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The position of the jet stream dictates ALL of our weather.

It is the dividing line between 2 air masses, the friction between these 2 air masses causes the 2 to rub together and cause cyclonic disturbances or low pressure cells giving us our cyclonic or stream of low pressure systems that dictate our weather patterns.

Jet stream higher latitudes more anti cyclonic weather patterns or if you like the Azores high bulging up and giving us nice weather. Jet stream more Southerly and anti cyclonic Arctic air causing freezing Russian blasts. 

Anything in between causes our typical cyclonic weather patterns of low pressure followed by a bit of high followed by a cyclonic or low pressure system etc etc etc.

In answer to Ex Surveyor s question.

A combination of persistent high pressure, lots of or lack of rain, a very low pressure or the combination of either southerly or northerly winds can affect the tidal patterns of our Broads. 

When I worked out of Great Yarmouth to obtain my Pilotage Exemption I was posed the question, "Is there a scenario where the tide is visually ebbing but the tidal gauge is rising" . The correct answer is yes and it does so regularly.

I used to be able to predict the scenario when tides were either higher than normal or lower than normal at GTY.

I worked for 23 years as a Pilot on The Thames and had no idea when the tides were going to be earlier or later than prediction. Even when our sophisticated software took and refined the tidal harmonics from the Met Office.

I came to the conclusion that the best way to say when high or low water slack was Is to look out of the window.

This was highlighted when I and a colleague brought in at that time the deepest draft ship ever into London Gateway Port. At 15.8m she had to come in at or near high water and we were discussing on the approach to the berth if the tide had changed or not as our plan was to swing the ship on the last of the flood.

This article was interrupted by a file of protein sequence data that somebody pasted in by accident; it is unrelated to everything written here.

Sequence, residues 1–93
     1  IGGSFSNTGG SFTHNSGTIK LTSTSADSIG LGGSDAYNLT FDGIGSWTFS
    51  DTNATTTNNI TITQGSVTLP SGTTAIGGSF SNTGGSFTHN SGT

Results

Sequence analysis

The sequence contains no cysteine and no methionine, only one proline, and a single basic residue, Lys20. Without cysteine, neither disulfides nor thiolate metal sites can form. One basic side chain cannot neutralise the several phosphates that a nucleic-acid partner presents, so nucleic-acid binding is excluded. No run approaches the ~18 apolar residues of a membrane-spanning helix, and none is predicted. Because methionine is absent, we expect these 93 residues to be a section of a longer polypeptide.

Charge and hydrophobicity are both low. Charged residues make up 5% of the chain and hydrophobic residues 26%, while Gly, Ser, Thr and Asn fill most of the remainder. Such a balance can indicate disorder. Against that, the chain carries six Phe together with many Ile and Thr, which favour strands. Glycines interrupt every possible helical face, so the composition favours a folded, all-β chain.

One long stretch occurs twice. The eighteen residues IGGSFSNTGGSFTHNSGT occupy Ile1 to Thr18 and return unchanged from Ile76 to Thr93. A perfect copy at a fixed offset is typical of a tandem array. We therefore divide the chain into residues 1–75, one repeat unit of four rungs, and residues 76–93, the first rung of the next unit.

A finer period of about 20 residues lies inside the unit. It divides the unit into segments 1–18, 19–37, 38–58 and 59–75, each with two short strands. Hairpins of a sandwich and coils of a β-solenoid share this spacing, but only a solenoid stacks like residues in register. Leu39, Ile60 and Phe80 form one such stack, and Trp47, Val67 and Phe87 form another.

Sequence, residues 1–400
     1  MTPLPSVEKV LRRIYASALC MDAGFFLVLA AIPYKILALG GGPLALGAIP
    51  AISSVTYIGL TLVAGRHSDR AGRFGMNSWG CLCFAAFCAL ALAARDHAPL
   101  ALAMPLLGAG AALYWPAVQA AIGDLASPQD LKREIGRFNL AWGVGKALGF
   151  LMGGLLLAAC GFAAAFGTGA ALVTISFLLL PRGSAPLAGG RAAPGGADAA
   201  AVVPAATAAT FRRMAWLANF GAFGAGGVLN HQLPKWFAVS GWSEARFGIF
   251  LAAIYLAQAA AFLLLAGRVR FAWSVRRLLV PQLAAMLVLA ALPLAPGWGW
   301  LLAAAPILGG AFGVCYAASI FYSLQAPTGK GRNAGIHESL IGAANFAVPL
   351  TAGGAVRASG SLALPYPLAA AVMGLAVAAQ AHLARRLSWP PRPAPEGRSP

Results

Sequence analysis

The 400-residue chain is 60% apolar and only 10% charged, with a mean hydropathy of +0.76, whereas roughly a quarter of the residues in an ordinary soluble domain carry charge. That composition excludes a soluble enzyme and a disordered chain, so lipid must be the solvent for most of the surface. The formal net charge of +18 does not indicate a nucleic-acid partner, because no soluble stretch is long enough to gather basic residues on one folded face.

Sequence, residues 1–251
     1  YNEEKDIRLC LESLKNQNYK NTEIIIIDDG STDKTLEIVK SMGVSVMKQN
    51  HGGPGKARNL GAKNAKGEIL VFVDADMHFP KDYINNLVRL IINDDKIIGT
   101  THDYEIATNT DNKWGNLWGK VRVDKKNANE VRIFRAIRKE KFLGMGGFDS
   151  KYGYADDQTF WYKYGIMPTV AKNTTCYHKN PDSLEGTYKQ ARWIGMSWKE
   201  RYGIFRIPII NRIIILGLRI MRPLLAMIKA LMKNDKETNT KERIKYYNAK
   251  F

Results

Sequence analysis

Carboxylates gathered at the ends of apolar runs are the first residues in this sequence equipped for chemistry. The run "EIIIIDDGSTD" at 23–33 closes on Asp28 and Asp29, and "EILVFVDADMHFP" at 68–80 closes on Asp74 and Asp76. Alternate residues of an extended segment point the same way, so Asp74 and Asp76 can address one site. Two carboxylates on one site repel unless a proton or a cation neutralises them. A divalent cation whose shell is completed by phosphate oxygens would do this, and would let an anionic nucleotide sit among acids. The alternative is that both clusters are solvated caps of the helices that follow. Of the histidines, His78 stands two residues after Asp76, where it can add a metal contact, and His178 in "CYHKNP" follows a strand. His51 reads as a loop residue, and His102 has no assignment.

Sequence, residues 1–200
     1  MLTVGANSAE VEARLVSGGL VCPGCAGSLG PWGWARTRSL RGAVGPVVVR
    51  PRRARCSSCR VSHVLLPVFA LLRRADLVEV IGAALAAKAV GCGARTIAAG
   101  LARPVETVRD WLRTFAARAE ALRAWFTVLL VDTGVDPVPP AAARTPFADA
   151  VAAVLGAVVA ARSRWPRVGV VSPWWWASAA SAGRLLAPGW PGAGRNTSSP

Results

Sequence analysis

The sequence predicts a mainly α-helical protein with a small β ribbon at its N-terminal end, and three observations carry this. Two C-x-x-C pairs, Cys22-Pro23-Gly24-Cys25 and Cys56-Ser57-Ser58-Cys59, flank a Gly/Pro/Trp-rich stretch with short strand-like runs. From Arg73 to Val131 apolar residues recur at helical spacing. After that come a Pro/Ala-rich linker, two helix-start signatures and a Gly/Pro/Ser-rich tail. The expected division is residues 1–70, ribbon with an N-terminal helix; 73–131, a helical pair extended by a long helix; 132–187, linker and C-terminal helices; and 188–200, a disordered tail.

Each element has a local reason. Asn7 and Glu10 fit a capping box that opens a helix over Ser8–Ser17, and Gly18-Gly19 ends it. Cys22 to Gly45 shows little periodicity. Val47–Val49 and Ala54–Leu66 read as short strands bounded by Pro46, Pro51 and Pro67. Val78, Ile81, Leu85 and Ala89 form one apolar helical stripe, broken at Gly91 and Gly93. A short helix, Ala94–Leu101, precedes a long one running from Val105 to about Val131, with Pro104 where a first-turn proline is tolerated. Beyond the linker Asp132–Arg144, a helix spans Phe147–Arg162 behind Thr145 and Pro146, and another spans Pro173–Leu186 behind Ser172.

Of course we were looking at our very sophisticated navigation system that we carried for these large ships and the Captain asked us how we knew which way the tide was running. We pointed out the Tugs moored to mooring buoys and had they swung yet.

Bit of a lecture but hope it helps.😋

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So as you can see it all depends!

Generally, if you can apply it to tides,  a deep low over Scotland and a strong southerly or south westerly will tend to push the tide away from the bottom of the North Sea and I would guess thats whats happening. As to how much, well look out of a window!

I remember the storm of 1987, you know the famous Michael Fish one, the tide never came in that day at all!!!!!

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2 hours ago, marshman said:

I remember the storm of 1987, you know the famous Michael Fish one, the tide never came in that day at all!!!!!

Poor old Fishy still gets grief over that but when he said "there is no hurricane" he was absolutely right, hurricane force winds maybe but not a hurricane, must have been 15 years later they finally worked out what happened and gave the phemonenon a name.

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